Photo provided by: 
Stacy Glaus

Doors to Paradise

On September 13, 2015 we ended Mass by processing to the most western doors of the Basilica’s façade. Covering that door was an image of the Divine Mercy. We paused and prayed for God’s mercy on all of us and declared the doors closed until December 13, 2015 when we opened these Holy Doors in celebration of the Holy Year of Mercy.

The opening of the Holy Doors was a beautiful celebration. After reading from the Proclamation of the Holy Year of Jubilee by Pope Francis we processed to the Holy Doors while singing the Veni Creator Spiritus. Fr. Bauer pronounced the prescribed Psalm verses and opened the Holy Doors. Immediately the Te Deum was sung and nearly everyone in attendance entered The Basilica through our Holy Doors.

At least since the mid-15th C. the major Basilicas in Rome (St. Peter, St. John Lateran, St. Paul-outside-the-Walls and St. Mary Major) have had a designated Holy Door. In order to avail the spiritual benefits of a Holy Door to the entire church Pope Francis has extended this privilege to all Cathedral churches. Thus, for the first time in the history of The Basilica of Saint Mary we have been granted the privilege of a Holy Door.

Doors mark thresholds and provide entryways. Some doors lead to great beauty. I marvel at the faces of our guest who walk through the Basilica doors for the first time. Some doors lead to freedom. Just think of refugees who walk to freedom through the doors that lead into our country. Some doors lead to sanctuary. Illegal immigrants, e.g. walk through church doors in the hope of finding sanctuary.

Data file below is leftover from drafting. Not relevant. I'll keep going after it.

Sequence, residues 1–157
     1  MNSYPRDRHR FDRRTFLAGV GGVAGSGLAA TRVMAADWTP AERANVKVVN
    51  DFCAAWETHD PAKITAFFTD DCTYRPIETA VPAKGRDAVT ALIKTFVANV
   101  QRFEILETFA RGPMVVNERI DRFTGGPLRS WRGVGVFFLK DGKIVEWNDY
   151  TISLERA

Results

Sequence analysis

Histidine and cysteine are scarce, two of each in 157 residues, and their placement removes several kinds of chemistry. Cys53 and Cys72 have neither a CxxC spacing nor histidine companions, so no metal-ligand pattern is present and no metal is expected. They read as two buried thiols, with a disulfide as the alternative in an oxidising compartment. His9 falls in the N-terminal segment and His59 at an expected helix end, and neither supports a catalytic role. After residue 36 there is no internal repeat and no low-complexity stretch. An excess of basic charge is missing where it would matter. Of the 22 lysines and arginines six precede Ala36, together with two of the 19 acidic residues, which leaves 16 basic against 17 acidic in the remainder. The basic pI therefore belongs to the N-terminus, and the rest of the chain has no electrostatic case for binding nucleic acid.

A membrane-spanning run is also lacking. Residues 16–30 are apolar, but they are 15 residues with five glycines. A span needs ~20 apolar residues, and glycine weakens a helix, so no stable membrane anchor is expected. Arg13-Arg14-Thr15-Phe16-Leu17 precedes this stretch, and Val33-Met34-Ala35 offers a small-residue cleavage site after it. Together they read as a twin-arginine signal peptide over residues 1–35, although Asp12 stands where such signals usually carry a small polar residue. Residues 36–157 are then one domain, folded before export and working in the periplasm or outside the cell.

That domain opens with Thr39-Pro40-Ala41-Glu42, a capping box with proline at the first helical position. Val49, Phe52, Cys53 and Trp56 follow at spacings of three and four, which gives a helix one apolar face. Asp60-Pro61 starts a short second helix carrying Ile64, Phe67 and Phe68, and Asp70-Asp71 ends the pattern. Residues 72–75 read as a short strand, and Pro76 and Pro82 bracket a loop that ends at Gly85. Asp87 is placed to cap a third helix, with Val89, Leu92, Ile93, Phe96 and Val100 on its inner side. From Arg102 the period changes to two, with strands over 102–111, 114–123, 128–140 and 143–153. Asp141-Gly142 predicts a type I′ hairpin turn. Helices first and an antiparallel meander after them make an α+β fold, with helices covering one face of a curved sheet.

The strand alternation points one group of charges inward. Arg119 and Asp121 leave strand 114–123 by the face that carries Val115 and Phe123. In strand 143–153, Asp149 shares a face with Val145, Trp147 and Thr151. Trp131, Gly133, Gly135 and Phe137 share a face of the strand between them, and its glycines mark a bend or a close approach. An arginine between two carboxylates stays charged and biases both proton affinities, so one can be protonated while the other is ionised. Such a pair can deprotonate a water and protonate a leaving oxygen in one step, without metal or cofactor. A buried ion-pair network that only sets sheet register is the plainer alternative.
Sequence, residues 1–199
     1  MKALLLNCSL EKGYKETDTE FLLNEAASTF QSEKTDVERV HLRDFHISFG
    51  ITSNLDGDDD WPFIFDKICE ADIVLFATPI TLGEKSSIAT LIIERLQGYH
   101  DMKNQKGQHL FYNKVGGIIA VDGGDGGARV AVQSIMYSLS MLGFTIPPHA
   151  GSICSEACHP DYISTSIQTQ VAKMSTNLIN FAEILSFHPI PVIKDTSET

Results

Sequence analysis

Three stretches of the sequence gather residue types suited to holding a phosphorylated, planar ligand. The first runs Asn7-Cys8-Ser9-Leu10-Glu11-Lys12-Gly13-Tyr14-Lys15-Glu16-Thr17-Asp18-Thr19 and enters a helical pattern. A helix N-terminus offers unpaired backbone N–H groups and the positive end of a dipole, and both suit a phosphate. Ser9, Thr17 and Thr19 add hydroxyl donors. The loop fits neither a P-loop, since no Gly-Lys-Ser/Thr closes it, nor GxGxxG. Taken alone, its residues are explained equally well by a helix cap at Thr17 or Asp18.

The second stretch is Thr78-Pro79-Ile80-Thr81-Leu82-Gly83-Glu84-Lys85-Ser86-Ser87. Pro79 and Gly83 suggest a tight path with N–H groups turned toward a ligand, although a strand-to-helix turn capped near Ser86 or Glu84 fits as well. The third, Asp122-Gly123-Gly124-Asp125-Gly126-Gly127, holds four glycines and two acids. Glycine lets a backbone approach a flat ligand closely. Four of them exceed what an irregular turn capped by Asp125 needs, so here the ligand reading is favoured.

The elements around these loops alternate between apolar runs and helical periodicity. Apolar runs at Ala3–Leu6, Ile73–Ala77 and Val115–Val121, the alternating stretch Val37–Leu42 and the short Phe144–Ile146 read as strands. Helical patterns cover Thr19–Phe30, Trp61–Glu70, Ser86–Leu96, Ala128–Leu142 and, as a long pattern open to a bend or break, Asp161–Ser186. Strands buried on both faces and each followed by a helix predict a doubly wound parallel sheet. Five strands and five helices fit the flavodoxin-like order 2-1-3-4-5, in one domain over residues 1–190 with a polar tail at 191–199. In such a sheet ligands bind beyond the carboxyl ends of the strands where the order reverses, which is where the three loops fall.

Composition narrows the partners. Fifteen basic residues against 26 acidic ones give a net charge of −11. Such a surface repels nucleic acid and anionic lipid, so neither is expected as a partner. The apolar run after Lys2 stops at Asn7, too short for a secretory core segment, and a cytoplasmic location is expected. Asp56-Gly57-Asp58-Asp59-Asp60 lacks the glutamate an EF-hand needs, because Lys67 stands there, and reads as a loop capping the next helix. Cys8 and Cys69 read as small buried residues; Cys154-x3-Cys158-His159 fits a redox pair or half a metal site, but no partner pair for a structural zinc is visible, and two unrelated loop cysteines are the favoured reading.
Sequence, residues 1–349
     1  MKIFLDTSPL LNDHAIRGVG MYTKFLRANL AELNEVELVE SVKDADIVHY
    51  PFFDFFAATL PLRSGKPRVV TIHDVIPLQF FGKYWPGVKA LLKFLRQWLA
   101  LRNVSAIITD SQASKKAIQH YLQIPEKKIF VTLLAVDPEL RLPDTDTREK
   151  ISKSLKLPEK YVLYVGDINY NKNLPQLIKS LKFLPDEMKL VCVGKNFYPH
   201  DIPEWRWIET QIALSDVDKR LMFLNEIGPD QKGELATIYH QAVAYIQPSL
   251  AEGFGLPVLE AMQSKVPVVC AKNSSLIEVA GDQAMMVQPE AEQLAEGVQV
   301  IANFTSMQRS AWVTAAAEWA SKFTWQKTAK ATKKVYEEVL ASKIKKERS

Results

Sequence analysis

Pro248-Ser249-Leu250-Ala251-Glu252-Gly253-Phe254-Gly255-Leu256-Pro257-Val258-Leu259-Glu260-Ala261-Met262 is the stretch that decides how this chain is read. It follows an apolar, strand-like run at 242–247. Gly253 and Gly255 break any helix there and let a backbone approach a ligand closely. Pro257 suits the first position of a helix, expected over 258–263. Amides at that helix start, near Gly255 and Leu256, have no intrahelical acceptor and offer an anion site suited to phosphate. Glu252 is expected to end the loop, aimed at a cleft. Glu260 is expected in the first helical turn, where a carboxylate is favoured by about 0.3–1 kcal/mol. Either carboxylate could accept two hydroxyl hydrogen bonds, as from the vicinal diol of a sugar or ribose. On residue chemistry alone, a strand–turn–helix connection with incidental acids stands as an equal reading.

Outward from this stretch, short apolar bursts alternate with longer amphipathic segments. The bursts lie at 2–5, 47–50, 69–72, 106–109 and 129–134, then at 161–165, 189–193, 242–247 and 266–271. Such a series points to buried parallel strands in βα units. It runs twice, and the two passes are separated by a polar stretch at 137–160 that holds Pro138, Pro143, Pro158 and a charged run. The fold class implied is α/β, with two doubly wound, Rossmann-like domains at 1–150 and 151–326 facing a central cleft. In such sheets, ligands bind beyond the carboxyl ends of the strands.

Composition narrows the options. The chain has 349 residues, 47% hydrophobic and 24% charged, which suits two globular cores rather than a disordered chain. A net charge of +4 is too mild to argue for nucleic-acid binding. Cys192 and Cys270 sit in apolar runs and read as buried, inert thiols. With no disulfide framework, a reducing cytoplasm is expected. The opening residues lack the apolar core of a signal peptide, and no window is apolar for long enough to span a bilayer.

Doors can also present barriers and blockades. The gates to our church sanctuaries were intended to keep the non-ordained out. The gates we have at our boarders are intended to keep unwanted people out of the country. And gated communities take their name from the gates that allow certain people in and keep others out.

It is this human experience of doors that inspired our Judeo-Christian experience of the gates to Paradise and the gates to Hell. Our hope and prayer is to enter the former which lead to eternal bliss and avoid the latter as those lead to eternal damnation.

The custom of Holy Doors grew out of our human and spiritual experience of doors. When closed, they symbolize our sinful human condition epitomized by the expulsion of Adam and Eve from Paradise. When opened, they symbolize how Jesus opened the gates to Paradise for us by virtue for his life, death and resurrection. In His own words: "I am the gate. Whoever enters through me will be saved, and will come in and go out and find pasture." (John 10:9)

There is nothing magic about passing through these doors rather it is a profoundly symbolic act which embodies our faith and our commitment to Christ. When we walk through these doors we acknowledge that Christ is indeed the door to paradise. At the same time we commit ourselves to living according to the Gospel and to open doors to others as Christ has opened the Doors to Paradise for us.

In a sense, the Jubilee Year of Mercy is all about opening doors. The Holy Doors in all the catehdrals thoughout the world are most important, however they are also symbolic of many other doors which need to be opened.  As Pope Francis opened the Holy Doors of Mercy he asked that in response all of us open the doors to our hearts, the doors to our homes, the doors to our country, the doors to our churches. Only when we are willing to do so will his great wish for the Year of Jubilee be realized: a Revolution of Tenderness.


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